Police officers were 'sitting ducks' before fatal shooting in 2017
Lured down a dirt road, police officers were "sitting ducks" before Ricky Maddison fatally shot Senior Constable Brett Forte.
Coroner Terry Ryan says there were the hallmarks of an ambush before Maddison stepped out of his vehicle and opened fire with a machine gun following a police pursuit in the Lockyer Valley, west of Brisbane, on May 29, 2017.
However, Ryan said there were several systemic factors that may have contributed to 42-year-old Forte's death and it was possible the fatal shooting may have been prevented.
READ MORE: The $50b airline set to shake up global travel
Delivering his inquest findings on Tuesday, Ryan said there was a "significant failure of leadership" during the pursuit and missed opportunities to arrest Maddison before the shooting.
Maddison, 40, had been on the run and hiding in a rural stronghold for almost three months, avoiding an arrest warrant for a domestic violence incident.
Police spotted his vehicle in Toowoomba and followed him on the Warrego Highway, before Maddison abruptly stopped on a dirt road.
"The events that transpired when Mr Maddison exited his vehicle following a marked change in the terrain along the roadway had the hallmarks of an ambush," Ryan said.
Maddison opened fire on police vehicles with automatic weapons, peppering Forte's car with 27 bullets.
Forte urgently reversed but the vehicle rolled, trapping him and his partner Senior Constable Cath Nielsen inside.
He died from gunshot and shrapnel wounds.
READ MORE: Sydney toddler finds deadly snake in yard
Maddison was later shot dead after being warned to surrender more than 80 times during a 20-hour siege.
He had fired at police, including at a helicopter, 21 times.
Ryan described the absence of an overall tactical command during the police pursuit of Maddison as a "significant failure of leadership".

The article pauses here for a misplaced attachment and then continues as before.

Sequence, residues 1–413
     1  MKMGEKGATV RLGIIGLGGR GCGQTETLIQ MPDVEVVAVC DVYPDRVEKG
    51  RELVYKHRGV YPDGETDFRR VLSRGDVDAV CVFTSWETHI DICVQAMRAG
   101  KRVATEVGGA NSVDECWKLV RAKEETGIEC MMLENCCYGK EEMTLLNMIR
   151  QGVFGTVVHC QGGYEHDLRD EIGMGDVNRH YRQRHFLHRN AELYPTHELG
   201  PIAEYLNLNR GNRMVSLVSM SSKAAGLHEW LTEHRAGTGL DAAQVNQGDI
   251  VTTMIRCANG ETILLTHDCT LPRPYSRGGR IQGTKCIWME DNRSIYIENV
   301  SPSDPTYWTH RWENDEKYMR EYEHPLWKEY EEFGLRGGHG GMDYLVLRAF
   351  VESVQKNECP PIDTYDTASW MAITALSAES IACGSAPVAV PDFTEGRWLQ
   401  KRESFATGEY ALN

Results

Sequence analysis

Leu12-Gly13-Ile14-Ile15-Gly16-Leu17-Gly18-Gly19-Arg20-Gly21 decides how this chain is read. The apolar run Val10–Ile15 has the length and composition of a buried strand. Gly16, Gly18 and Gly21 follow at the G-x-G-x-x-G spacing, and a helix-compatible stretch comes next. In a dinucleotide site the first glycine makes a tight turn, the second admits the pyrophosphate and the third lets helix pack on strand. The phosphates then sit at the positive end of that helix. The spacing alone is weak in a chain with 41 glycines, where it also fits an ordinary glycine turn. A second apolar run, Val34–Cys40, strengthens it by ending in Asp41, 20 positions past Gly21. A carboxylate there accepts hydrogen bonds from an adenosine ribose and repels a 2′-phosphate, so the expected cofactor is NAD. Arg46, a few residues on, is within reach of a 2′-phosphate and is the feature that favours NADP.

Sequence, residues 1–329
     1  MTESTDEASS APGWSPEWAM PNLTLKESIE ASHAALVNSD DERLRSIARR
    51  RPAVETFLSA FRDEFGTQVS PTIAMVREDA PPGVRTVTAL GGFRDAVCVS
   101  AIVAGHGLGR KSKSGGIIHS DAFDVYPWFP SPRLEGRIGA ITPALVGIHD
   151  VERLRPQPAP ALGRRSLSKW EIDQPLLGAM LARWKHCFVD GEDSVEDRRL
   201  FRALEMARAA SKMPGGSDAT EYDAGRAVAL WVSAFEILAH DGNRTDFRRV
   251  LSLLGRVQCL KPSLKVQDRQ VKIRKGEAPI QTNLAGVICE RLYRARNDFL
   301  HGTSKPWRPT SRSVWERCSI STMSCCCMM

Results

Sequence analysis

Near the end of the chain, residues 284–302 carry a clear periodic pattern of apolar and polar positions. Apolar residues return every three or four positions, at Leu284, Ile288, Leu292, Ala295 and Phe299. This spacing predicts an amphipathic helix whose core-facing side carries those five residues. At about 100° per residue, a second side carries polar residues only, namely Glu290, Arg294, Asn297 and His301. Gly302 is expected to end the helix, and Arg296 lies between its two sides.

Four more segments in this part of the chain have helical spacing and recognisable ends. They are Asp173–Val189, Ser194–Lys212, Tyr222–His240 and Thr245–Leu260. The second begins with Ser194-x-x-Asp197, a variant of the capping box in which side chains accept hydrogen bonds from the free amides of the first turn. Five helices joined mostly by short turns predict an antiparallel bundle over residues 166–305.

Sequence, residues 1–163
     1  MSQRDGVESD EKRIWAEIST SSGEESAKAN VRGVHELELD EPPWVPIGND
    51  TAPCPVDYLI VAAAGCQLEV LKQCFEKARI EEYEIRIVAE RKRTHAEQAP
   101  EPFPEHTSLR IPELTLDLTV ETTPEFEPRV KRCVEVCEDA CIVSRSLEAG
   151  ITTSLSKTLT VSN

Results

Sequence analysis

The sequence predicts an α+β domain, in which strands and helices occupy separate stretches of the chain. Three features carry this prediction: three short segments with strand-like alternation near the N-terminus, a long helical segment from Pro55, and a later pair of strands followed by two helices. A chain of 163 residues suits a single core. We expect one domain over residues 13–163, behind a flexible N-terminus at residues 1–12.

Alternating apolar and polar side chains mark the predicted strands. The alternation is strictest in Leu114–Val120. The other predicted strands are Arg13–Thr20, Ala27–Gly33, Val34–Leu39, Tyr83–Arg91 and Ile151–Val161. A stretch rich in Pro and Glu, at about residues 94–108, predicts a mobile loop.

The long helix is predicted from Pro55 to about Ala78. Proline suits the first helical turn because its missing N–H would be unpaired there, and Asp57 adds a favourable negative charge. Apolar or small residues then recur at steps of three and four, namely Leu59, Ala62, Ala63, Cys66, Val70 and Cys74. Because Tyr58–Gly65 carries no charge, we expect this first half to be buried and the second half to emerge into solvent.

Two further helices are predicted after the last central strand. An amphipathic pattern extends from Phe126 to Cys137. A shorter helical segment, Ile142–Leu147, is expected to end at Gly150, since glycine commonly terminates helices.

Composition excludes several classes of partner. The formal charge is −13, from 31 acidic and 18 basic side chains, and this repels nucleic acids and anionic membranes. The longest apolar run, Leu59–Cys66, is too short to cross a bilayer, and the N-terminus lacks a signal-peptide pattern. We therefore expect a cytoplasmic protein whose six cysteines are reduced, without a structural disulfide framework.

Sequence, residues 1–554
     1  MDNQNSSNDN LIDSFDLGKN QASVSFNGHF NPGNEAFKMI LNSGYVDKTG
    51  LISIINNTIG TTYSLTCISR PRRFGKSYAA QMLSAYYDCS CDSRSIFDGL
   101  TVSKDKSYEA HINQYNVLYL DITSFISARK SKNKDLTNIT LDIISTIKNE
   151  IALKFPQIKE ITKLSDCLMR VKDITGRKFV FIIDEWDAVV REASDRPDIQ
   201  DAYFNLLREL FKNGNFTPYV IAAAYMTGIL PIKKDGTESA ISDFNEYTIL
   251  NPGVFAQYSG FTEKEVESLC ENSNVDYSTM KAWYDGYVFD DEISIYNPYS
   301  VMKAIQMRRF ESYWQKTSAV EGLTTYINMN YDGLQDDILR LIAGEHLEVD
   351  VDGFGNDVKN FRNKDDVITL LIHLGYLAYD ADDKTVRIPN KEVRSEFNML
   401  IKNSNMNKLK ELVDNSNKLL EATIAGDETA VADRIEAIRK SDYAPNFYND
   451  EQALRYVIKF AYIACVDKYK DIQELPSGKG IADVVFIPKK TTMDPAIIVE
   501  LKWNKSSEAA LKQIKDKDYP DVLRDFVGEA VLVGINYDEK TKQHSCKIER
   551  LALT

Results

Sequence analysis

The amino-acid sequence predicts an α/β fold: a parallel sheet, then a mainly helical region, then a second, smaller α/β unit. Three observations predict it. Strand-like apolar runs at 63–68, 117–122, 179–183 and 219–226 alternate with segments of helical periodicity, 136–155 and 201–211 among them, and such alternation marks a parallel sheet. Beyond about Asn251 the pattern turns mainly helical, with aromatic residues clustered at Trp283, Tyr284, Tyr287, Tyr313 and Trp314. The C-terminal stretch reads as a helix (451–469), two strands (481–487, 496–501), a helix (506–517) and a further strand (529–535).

He said it was not reasonable for Forte and his partner to call off the pursuit but a tactical commander could have come up with an effective plan.
"Unfortunately the confrontation was left to evolve on Mr Maddison's terms," Ryan said.
"Senior Constable Forte and Senior Constable Nielsen were, as Senior Constable Nielsen described, sitting ducks."
READ MORE: Steve owns 12 properties and is swimming in debt
Ryan said officers in pursuit would have known Maddison was "undoubtedly dangerous" but described someone opening fire on Queensland officers with a machine gun as unprecedented.
He said officers could have been required to wear ballistic vests but noted that it may not have avoided Forte's death.
The inquest that started in 2021 had heard the Toowoomba tactical crime squad had been looking for Maddison, while Gatton police had received reports of automatic gunfire in the area prior to the shooting.
But Ryan said a more proactive approach by Gatton police could have led to Maddison's arrest before the shooting.
Gatton police had established the gunfire heard days before the fatal confrontation had come from a property owned by a family.
But police did not make the connection that the family was friends with Maddison, who was staying at the property.
READ MORE: Biden's five-word message to China as AUKUS submarines unveiled
Officers installed a camera with "Gatton police" on it near the property which Maddison located, increasing his hostility toward authorities.
No record of the Gatton officers' activities was placed on the police database QPRIM.
The inquest also heard that a Toowoomba officer did not make a connection with a "Ricky Matterson" who was in the database for having a machine gun in 2007 before the shooting.
Ryan called for an overhaul of the way Queensland police search for intelligence information, saying the pursuit of Maddison may have been different if officers were aware of the automatic gunfire reports in the area.
The coroner extended his condolences to Forte's widow Susie Forte, also a police officer, saying she was "entitled to answers".
Susie spoke outside court and said she accepted the coroner's findings but was "drained" after years of waiting for the findings.
"I am sad, I am drained, I haven't had the chance to grieve my husband's death as I felt like I had to be one step ahead," she said.
The coroner also apologised to Susie for her treatment during the investigation into her husband's death.
"The emotional torture I have been subjected to has been worse than hearing my husband being murdered over the police radio," Susie said.
– Reported with AAP.
Sign up here to receive our daily newsletters and breaking news alerts, sent straight to your inbox.